An Irish Timescape
By Michael Gibbons | Photography by Mark Furniss
‘On a day of bright sky, when the hills are of that intoxicating misty blue that belongs especially to the west, the bogland is a lovely far-reaching expanse of purple and rich brown, and the lakelets take on the quite indescribable colour that comes from clear sky reflected in bog-water, while the sea-inlets glow with an intense but rather greener blue. On such a day the wanderer will thank his lucky star that it has brought him to Connemara’.
— Robert Lloyd Praeger, The Way That I Went
The Connemara Landscape
Ireland’s west coast, one of the finest wilderness areas surviving in Europe today, remains a bastion of traditional landscape and culture. The history of this landscape is ancient, as it has taken over 750 million years to evolve. Its geology is one of the most complex and interesting in Europe. More recently, the landscape has been shaped by a series of ice ages, or glaciations. The last cold period, when the mountains known as the Twelve Bens were topped by sheets of ice, ended only twelve thousand years ago. With the melting of the ice sheets, the area was rapidly colonised by flora and fauna, then finally by man. The sea levels rose rapidly, separating Ireland from Britain and the European continent, and the creation of the Irish Sea prevented the migration of cattle, horses, sheep, deer, and snakes to Ireland, though St Patrick is credited with the banishing of snakes and demons from Ireland.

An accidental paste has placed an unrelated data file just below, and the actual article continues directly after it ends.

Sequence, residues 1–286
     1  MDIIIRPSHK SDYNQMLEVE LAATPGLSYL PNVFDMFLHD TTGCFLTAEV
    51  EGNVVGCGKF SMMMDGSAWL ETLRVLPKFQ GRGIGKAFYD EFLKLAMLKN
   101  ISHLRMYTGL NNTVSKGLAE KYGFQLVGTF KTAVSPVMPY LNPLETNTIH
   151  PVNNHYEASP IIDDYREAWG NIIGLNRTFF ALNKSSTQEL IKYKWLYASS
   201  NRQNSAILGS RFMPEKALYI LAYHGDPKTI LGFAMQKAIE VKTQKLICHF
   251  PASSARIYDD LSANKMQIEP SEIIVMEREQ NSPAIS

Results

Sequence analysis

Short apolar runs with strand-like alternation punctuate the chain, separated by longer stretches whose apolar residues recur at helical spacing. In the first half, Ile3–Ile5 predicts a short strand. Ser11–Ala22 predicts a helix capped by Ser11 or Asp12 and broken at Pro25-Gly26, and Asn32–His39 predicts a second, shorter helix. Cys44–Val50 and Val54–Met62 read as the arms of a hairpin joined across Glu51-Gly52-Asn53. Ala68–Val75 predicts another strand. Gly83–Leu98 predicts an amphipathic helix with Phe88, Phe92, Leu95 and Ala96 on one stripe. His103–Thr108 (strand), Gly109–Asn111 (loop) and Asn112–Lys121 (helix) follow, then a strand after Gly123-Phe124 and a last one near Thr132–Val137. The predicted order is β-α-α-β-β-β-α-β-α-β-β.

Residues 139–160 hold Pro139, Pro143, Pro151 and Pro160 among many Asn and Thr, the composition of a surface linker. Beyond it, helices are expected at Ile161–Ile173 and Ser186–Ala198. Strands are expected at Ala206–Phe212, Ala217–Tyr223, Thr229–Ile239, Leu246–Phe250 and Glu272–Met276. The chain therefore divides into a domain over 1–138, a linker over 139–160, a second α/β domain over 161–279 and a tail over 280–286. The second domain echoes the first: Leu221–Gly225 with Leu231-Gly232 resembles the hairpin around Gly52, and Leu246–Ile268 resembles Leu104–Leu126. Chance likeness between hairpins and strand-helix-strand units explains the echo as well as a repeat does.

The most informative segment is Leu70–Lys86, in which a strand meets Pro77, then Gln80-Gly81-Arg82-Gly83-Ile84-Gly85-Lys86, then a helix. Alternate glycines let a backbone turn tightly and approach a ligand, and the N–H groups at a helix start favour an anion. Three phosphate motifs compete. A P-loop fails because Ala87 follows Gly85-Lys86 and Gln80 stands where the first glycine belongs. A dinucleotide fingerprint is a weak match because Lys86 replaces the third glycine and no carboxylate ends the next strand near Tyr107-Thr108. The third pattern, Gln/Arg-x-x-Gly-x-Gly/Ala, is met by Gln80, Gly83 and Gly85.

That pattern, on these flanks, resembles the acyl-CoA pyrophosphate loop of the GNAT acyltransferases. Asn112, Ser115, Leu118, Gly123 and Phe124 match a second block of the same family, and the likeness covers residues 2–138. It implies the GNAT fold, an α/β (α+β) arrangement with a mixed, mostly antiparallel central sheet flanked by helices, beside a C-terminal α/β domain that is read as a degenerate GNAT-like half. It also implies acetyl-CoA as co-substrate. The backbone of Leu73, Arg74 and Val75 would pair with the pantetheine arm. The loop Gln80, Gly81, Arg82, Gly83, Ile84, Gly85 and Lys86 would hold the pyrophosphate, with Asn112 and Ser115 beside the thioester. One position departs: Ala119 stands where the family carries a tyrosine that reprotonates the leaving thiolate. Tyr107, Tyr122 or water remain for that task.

First Settlers (10,000 Years Ago)
The first to arrive were small bands of nomadic hunter–gatherer groups, who crossed the Irish Sea in large dugout canoes. On arrival, with few mammals to hunt, they instead lived off fish, especially salmon and eel, as well as large flocks of fowl and protein-rich hazelnuts, which were abundant in the largely forested area. These nomadic people left little in the way of surviving remains except for their rubbish dumps (midden sites), which consist of layers of burnt stone, shell, and ash. The winter storms of 2014 that battered the Connemara coast revealed a whole series of these sites, together with numerous stone axes and the remains of ancient forests long buried in peat. One of these sites exposed on a beautiful beach on the Renvyle Peninsula is almost seven thousand years old.
First Farmers and Their Tombs (c.6,000 Years Ago)
The nomadic hunter–gatherers were in time engulfed by more technologically advanced farming communities that cleared the woods and cultivated the land. By 5,800 years ago, they were building a variety of large stone tombs to house their dead. Many are still found throughout north-west Connemara, and some are partially entombed in peat bogs. In local tradition, they are known as the beds of Dermot and Gráinne, mythological figures from the Irish Iron Age, three thousand years after the tombs were built. One of the intact tombs was discovered high up on Tully Mountain, where it commands a huge ocean and mountain panorama. The other four tombs in the area are located on some of the best land and survive today because of the historic reluctance of local people to interfere with them.
From Stone to Metal (c.4,500 Years Ago)